While any country’s economic growth rests on the strength of its infrastructure, waiting for the necessary infrastructure to be developed is intuitively a counter-productive exercise.
Growth and progress can be fast-tracked through operational improvements to optimise the use of existing infrastructure, says Nosipho Damasane, chief executive officer at Richards Bay Coal Terminal (RBCT), the largest single export coal terminal in the world.
Damasane says: “Countries that have succeeded have done exactly what we are trying to do in South Africa [through the national infrastructure development plan], so infrastructure is the backbone of any country’s development and this is a very important initiative.”
However, growth needs to continue while the plan is being enhanced and fine-tuned.
“RBCT has moved ahead regardless, and is achieving significant progress by making better use of existing infrastructure and driving efficiency,” she says.
“While we were waiting for the outcome of Transnet Freight Rail (TFR)’s five-year expansion plan, we began working together with TFR to improve efficiencies on the existing coal line, as well as to upgrade our own processes and improve the visibility of information in the corridor.”
Transnet has increased its capital expenditure programme from R110-billion to R300-billon to expand its capacity through investments in rail, ports and pipeline infrastructure, with a view to moving transport focus from road to rail.
One example of improved efficiencies is the fact that the coal terminal has improved the turnaround time of trains at the port from four to three hours.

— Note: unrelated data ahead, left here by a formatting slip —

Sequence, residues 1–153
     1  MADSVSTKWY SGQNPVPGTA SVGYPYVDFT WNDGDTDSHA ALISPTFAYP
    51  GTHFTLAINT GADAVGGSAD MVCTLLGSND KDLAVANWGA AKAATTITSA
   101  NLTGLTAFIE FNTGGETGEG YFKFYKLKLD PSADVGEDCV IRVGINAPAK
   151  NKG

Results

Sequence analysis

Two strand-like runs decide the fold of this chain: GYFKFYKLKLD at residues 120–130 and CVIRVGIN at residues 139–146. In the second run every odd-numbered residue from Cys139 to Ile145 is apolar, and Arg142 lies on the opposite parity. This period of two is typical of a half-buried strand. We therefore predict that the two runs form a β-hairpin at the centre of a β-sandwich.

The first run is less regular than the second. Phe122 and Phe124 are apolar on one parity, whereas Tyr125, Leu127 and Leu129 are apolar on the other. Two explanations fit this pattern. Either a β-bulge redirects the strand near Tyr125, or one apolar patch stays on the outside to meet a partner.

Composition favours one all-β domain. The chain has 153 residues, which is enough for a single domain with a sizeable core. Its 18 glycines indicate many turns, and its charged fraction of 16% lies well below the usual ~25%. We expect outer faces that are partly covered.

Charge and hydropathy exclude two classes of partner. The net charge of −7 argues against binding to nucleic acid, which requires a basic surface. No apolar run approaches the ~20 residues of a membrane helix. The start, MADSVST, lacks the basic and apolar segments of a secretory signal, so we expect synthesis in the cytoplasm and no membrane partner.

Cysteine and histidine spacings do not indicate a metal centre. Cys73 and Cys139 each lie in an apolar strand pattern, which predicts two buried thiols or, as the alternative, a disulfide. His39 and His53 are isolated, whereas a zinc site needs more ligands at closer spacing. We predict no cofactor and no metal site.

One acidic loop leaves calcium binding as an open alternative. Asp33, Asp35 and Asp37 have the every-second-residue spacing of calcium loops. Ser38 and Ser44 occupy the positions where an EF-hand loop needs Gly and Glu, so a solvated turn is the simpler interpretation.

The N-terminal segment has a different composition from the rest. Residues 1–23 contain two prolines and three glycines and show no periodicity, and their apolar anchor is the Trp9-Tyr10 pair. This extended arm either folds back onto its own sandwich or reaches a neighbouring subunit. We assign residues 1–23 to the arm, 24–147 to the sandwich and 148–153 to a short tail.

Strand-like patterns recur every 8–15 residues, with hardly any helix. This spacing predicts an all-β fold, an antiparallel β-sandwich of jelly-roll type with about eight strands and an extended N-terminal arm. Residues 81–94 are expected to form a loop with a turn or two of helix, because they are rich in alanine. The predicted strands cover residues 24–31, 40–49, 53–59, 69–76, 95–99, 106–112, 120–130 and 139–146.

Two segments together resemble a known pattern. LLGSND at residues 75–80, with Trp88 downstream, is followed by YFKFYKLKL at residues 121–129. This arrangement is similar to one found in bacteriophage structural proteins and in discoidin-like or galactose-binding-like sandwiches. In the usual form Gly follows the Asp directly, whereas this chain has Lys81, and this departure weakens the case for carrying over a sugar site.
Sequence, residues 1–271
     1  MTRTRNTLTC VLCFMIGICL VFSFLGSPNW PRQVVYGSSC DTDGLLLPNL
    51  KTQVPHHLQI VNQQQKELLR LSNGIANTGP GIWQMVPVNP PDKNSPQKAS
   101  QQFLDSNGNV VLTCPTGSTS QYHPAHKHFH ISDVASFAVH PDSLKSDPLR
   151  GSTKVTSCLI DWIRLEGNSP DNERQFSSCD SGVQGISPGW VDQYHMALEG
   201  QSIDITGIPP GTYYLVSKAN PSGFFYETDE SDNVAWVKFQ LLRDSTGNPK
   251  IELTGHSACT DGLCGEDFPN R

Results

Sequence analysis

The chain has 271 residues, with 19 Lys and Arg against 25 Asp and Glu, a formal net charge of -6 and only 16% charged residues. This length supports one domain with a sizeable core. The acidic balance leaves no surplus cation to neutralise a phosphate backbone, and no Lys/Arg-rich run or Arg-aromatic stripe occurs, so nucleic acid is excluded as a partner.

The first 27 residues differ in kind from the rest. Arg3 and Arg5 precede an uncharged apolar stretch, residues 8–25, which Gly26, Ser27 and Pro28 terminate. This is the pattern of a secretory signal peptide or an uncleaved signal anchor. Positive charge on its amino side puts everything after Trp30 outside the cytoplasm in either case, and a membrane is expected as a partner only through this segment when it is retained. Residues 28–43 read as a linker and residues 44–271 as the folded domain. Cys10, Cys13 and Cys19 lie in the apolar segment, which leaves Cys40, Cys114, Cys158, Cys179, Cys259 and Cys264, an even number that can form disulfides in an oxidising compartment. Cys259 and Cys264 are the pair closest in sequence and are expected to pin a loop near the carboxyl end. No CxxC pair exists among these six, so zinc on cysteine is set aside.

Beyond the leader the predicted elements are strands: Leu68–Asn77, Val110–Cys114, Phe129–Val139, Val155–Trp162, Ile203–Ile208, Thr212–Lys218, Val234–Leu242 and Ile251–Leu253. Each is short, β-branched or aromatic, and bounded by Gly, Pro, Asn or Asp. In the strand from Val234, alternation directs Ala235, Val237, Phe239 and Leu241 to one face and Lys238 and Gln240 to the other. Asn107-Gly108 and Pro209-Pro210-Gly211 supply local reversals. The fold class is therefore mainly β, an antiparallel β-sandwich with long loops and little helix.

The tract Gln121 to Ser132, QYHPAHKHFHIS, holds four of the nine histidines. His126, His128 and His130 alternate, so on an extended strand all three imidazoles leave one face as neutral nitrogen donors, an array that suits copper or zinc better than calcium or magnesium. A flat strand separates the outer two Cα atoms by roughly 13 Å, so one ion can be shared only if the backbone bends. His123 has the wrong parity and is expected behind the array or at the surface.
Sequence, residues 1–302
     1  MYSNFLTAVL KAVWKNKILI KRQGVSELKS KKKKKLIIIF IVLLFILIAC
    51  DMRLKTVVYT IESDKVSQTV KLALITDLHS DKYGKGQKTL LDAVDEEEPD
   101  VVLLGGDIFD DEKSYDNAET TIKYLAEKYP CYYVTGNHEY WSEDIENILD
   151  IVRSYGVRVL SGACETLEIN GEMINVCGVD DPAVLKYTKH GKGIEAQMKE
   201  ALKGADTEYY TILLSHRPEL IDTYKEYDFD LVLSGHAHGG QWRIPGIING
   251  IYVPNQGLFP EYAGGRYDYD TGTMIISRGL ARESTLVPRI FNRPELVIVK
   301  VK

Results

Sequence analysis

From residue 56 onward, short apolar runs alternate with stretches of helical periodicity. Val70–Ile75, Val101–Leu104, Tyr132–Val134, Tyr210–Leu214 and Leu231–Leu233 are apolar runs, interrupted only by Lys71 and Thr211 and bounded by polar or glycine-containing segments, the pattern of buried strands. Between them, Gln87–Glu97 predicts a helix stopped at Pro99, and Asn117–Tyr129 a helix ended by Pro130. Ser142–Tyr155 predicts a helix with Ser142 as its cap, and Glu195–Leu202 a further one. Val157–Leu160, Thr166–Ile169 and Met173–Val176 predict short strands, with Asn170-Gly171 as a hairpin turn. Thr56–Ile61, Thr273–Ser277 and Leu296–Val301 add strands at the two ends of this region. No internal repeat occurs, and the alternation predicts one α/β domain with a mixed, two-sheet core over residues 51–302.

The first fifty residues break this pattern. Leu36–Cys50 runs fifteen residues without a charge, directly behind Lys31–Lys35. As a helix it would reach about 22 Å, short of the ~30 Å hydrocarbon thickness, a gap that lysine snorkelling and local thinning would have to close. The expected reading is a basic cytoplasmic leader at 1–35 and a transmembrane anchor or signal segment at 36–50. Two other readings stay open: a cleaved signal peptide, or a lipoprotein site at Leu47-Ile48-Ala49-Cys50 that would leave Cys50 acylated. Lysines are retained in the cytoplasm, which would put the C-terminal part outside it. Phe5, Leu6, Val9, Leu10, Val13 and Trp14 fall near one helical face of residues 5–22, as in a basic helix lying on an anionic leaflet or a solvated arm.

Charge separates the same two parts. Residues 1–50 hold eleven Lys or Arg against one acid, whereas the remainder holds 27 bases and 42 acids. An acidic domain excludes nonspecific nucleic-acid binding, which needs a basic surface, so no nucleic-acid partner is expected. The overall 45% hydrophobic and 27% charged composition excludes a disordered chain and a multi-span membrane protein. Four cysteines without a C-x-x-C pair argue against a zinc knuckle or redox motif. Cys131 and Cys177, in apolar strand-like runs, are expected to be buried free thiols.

“This 25% improvement in turnaround time in effect gives TFR 25% more capacity on the same infrastructure – so they are able to ‘sweat their assets’. This was made possible through improved alignment and cooperation with our partners, and good collaboration with unions,” she says.
“You see similar benefits from the Shongololo project, with longer trains coming from the mines. Again, you have not invested in additional infrastructure, but you have increased capacity.”
Through expansion and improved efficiencies, the coal terminal has steadily increased its own capacity from 12 million tons per annum when it opened in 1976, to 92-million tonnes per annum today.
The 276 hectare site has six berths and four ship loaders, with stockyard capacity of 8,2-million tonnes, and manages the shipping coordination of more than 700 ships every year.
However, coal is a resilient commodity, and all indications are that increased capacity will be needed, says Damasane. This anticipated growth has resulted in Transnet considering the development of a new, open access coal terminal at Richards Bay.
“In the discussion around new coal terminals to be built, we are still finding our feet on the question of the capacity that will be required at Richards Bay.
“We can grow to 110-million tonnes a year capacity on the same coal line, and create a multi-user facility. Looking at the coal market, it is difficult to predict whether capacity beyond 110-million tonne a year will be needed.
“But we believe that unless we want to grow our capacity to beyond 110-million tonnes, the quickest and most efficient way to expand our capacity is to do so by enhancing the existing infrastructure.”
A partner’s view
“The mining value chain comprises many complex elements: from the actual mining operations, to moving the mined product with specialised freight trains to the chosen port, to storage at the port before shipment to the eventual export destination. Enhancing value in the mining sector requires that all the supporting infrastructure is in place from pit to port. This enables the fundamental support required for the seamless operation of the value chain for the mining sector.” — De Buys Scott, partner for infrastructure and major projects at KPMG
This article forms part of a supplement paid for by KPMG. Contents and photographs were sourced through and signed off by KPMG